Freezing for the Future: More women rely on egg freezing -, South Georgia News, Weather, Sports

Freezing for the Future: More women rely on egg freezing


For some women, having children is a life-long dream, but now might not be the right time.

For women looking to pause their biological clocks, egg freezing is a growing medical trend that can help do just that.

Dr. Stephanie Singleton is a reproductive endocrinologist who specializes in fertility treatments at the Fertility Center of Charleston. She regularly sees patients in Savannah and said modern medicine gives women more options than ever when it comes to having children.

"We can now freeze our eggs when we are younger and in more of a reproductive stage to be used later in life," she said.

The reasons a woman may choose to do this vary.

"It's a great opportunity for those who are seeking advanced education, for those who have not yet found a partner," Dr. Singleton said.

This is also an option for women with medical issues who might need to have chemotherapy or cancer treatments that can be damaging to eggs.

The egg freezing process occurs when a doctor prescribes medication that increases a woman's egg production, then the eggs are harvested and frozen for later use.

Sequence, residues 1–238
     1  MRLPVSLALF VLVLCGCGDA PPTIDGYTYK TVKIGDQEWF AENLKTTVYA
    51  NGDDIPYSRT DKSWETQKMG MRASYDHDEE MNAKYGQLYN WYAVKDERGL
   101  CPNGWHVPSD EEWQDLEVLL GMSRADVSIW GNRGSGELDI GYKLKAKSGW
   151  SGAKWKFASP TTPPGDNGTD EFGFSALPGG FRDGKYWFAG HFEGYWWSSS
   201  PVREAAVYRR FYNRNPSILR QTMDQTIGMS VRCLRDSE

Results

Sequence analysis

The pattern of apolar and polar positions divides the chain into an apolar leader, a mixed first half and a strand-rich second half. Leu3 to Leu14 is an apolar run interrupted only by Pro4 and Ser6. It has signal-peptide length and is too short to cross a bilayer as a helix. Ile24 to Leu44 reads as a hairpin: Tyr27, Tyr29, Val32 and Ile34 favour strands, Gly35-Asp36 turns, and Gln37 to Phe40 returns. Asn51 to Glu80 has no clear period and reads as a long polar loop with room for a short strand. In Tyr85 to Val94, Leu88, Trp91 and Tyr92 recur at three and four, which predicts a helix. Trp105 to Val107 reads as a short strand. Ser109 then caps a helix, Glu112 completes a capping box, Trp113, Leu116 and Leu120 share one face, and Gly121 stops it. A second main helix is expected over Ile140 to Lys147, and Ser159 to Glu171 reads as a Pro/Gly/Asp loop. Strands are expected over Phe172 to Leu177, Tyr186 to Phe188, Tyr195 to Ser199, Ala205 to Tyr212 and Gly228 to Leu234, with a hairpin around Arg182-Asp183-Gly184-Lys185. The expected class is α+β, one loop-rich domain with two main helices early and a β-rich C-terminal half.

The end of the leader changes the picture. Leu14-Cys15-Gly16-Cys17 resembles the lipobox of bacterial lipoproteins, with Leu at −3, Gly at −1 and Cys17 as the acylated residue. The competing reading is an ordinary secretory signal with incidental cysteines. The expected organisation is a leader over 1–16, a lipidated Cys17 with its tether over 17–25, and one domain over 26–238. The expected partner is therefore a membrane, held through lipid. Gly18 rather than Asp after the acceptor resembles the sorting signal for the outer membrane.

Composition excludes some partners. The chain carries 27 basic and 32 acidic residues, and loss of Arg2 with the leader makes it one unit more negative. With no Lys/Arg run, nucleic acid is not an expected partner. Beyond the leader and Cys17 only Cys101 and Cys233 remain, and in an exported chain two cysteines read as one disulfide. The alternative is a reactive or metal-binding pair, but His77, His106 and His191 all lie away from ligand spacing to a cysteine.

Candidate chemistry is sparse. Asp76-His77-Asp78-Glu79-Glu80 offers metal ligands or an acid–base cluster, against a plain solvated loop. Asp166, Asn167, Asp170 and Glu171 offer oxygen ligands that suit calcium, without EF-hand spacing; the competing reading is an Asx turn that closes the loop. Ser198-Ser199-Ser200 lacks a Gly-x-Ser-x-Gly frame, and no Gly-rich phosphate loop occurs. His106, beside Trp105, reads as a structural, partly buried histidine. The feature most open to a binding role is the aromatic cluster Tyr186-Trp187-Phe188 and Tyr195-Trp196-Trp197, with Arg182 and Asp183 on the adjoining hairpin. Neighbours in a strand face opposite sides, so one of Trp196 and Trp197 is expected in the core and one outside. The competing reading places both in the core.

Dr. Singleton said technically the eggs don't expire, but at her clinic, they will not use them after a mother reaches the age of 49.

Once the patient is ready to get pregnant, their uterine lining is prepared and the eggs are thawed and fertilized with sperm. Those eggs are then transferred into the woman's uterus.

This procedure does not guarantee pregnancy. The success rates vary depending on the woman's age, according to the American Society for Reproductive Medicine.

Dr. Singleton said the most important thing for a woman to do is to educate herself.

"Seek the information. It's very difficult when you get to an age where you're no longer producing eggs."

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